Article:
I guess he meant the second. So, in general, associating names with email may be a nice idea. Though some emails may be more associated with roles than with specific persons.

And as a customer you expect some things to come from a machine.


The article railed against exactly this problem: you can't reply to a machine. So customer feedback is lost, as well as goodwill.


A human can be the endpoint for responses to that machine though. Our ordering system sends machine-generated emails for receipts. The From address delivers to us, and in the event someone hits reply (in which case you can usually get the entire receipt in quoted form in order to identify the person), the message will be sent straight to someone who can handle anything related to orders.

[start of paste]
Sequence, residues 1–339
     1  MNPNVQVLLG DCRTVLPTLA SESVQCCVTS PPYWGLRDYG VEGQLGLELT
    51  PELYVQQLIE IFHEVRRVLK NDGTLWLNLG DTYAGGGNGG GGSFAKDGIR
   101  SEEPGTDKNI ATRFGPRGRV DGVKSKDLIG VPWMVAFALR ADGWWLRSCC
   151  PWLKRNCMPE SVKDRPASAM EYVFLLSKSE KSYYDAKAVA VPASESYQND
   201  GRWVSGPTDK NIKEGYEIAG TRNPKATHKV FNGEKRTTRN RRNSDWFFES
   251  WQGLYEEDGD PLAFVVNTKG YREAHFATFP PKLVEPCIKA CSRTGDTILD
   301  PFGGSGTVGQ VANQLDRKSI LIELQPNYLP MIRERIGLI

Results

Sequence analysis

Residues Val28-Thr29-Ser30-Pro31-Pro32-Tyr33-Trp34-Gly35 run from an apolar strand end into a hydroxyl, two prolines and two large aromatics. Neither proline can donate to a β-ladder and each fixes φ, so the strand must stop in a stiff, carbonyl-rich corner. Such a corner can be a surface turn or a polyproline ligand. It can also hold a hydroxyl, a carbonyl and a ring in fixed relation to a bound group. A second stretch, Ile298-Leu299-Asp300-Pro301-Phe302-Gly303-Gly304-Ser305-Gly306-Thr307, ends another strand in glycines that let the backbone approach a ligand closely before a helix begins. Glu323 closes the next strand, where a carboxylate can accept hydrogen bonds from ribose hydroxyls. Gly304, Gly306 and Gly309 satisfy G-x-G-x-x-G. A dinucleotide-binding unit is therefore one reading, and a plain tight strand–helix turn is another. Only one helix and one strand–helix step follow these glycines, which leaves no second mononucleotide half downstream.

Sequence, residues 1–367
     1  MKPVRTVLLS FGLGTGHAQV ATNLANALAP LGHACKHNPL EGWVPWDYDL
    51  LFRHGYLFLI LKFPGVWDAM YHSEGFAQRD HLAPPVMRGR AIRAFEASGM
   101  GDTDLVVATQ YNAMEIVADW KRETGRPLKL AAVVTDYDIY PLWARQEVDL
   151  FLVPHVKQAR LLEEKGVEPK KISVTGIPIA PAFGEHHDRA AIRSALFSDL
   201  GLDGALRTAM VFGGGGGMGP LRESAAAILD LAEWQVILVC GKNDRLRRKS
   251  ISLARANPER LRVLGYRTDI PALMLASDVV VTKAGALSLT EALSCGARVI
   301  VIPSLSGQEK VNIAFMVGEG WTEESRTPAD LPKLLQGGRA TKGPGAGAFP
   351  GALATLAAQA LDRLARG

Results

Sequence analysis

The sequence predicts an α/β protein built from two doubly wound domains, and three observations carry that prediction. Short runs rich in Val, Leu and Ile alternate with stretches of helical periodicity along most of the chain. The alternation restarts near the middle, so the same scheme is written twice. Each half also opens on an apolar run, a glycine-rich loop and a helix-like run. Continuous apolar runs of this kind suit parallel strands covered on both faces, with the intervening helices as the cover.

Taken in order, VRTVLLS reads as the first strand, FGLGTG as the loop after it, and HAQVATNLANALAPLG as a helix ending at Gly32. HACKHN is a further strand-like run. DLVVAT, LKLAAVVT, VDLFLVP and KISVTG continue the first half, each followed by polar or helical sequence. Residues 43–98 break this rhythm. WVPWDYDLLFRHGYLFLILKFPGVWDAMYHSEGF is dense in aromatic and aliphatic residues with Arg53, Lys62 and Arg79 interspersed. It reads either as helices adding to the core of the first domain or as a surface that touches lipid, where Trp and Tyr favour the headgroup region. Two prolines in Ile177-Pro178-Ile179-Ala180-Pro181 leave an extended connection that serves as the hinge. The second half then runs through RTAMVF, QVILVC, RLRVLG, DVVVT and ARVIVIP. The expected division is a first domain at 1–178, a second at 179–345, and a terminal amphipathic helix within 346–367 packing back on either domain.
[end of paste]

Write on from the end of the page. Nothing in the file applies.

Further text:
Exactly the opposite of my sentiment. You're not fooling anyone by pretending that a message was written by the CEO (unless that CEO is Steve Jobs, but that's because Jobs acts as Apple's de facto PR department). You're also not fooling anyone by putting a "personal" greeting including the customer's name at the top of your mass mailing.

The only time I want a communication from a specific person is if that specific person both wrote it and will be answering replies. Unless I have a specific relationship with someone (insurance agent, account manager, something like that), these are unlikely to be the same person.


Ok, it doesn't work except when it does. You don't see the power of accountability? How Jobs personally carries the brand?

Agreed a name at the top of the email is not enough - the email should be From somebody.